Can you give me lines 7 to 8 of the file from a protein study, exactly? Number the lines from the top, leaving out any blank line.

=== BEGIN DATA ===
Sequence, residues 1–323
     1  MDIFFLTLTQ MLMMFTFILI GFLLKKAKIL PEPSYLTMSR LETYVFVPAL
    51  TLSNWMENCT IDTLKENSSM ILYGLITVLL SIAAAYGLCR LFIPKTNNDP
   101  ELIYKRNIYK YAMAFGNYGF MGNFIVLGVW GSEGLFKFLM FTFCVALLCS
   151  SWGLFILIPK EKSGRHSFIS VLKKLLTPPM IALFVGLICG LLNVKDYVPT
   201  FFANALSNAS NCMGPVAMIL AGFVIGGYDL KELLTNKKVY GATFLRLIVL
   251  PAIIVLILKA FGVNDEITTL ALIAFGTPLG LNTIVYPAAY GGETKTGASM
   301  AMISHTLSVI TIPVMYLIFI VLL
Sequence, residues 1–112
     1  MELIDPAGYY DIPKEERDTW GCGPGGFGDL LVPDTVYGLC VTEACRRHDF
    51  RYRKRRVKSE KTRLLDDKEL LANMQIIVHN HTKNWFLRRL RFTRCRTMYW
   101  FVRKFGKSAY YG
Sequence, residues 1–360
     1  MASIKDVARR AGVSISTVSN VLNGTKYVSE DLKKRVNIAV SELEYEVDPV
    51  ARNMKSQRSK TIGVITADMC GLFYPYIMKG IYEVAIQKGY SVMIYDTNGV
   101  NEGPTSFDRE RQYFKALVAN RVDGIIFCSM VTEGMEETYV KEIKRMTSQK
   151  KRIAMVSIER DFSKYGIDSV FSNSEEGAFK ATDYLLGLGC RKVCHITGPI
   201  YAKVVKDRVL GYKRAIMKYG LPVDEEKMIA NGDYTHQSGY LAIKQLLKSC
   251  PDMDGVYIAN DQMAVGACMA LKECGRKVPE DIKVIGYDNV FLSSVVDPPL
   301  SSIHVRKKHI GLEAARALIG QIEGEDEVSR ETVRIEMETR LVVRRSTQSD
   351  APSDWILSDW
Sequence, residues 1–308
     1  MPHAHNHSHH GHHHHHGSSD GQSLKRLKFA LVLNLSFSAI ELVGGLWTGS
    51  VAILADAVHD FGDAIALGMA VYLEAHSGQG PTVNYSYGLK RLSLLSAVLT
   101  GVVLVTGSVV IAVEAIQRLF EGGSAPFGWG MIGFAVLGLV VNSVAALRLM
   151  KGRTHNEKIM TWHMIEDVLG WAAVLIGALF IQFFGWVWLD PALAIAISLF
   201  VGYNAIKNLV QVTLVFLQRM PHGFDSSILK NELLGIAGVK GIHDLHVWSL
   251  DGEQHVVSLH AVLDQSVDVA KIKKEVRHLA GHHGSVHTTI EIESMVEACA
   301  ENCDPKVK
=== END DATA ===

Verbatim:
   251  PAIIVLILKA FGVNDEITTL ALIAFGTPLG LNTIVYPAAY GGETKTGASM
   301  AMISHTLSVI TIPVMYLIFI VLL